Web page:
The Role Of Standard Form Contracts In An Information Society And ‘Smart Contract’ Furture

Kristin Cornelius Way

Abstract


A common feature of commercial relationships, standard-form contracts (SFCs) have been a product of organized commerce in some fields (e.g. marine shipping, banking) for many centuries, and in others (e.g. mass production industries) more recently as a modern form of a business service contract for consumers. Modern SFCs have many positives; they encourage trade by increasing transactional efficiency, being used in multiple, repeated events for a broad range of consumers and presented on a ‘take-it-or-leave-it’ basis without negotiation, significantly decreasing transaction costs. However, SFCs have also been questioned for their potential abuses as, by their nature, they leave one party (i.e. the adherent, or the entity who is being served) subject to the will of the other (i.e. the drafter, or the entity providing the service). Given the increasing pervasiveness of the SFC in the digital environment, we must now ask ourselves how SFCs function in an networked, information society, as well as to consider possible solutions that may provide more transparency of their context and affordances. This project develops an articulated theory regarding the role of SFCs through an analysis of two case studies—a sample of Terms of Service (ToS) agreements from popular platforms and a look toward the future of SFCs as they might exist with ‘smart contract’ technology that makes use of distributed ledger technology and can potentially encourage a lucrative market of SFCs in a networked world.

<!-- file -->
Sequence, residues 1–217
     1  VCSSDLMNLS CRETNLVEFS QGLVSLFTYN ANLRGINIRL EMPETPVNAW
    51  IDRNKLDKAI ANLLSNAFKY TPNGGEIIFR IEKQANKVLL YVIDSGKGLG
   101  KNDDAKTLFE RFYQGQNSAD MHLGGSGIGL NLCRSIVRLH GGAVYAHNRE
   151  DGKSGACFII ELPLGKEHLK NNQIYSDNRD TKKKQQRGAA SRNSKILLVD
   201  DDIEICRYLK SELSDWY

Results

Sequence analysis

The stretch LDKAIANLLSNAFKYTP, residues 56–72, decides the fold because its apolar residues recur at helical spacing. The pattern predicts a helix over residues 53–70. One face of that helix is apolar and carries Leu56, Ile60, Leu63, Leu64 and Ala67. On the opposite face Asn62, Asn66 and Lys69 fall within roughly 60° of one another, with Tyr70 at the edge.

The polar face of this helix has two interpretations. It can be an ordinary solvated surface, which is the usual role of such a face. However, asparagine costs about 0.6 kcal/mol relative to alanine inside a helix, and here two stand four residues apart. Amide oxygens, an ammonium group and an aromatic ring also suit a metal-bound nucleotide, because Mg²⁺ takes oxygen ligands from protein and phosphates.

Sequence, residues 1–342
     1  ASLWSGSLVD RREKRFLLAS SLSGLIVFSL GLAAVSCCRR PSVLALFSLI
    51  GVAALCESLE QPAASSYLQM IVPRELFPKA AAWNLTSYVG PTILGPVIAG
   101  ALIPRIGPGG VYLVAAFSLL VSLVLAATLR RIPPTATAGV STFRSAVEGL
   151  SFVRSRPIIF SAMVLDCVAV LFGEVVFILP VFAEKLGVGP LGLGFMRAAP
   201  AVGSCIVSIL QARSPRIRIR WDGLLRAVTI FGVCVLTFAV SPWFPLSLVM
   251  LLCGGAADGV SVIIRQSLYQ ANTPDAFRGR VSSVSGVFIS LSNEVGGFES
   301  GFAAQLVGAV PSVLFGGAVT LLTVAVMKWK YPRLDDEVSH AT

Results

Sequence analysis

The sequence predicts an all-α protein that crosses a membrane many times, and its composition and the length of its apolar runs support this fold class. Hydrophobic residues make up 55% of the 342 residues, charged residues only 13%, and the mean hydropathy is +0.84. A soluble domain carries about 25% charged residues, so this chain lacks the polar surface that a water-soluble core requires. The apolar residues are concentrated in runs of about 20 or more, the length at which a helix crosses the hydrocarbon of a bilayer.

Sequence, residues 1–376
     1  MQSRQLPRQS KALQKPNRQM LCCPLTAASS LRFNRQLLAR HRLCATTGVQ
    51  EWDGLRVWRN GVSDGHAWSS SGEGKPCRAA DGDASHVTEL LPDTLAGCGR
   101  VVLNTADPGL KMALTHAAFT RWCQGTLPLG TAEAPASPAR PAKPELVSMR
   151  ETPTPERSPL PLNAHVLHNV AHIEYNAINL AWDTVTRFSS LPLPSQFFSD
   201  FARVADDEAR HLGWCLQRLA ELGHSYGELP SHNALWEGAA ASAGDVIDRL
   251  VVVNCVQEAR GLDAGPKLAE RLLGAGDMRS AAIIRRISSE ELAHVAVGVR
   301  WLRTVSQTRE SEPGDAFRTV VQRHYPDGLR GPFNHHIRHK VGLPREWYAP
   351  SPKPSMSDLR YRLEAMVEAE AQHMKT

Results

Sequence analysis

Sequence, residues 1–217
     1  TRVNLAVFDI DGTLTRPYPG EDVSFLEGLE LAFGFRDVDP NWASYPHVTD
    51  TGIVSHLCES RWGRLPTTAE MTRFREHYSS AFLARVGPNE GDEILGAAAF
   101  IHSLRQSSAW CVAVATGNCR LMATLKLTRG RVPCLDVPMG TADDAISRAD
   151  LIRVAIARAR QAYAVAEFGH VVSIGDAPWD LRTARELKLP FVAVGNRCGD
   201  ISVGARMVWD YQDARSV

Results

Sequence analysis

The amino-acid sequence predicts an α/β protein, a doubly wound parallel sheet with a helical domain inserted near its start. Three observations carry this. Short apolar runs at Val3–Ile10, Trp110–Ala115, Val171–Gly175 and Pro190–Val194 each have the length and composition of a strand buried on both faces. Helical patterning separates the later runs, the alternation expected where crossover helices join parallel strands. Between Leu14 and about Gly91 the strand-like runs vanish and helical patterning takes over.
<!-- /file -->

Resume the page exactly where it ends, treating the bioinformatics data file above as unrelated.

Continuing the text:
Keywords


standard-form contracts, Terms of Service, smart contracts, information society

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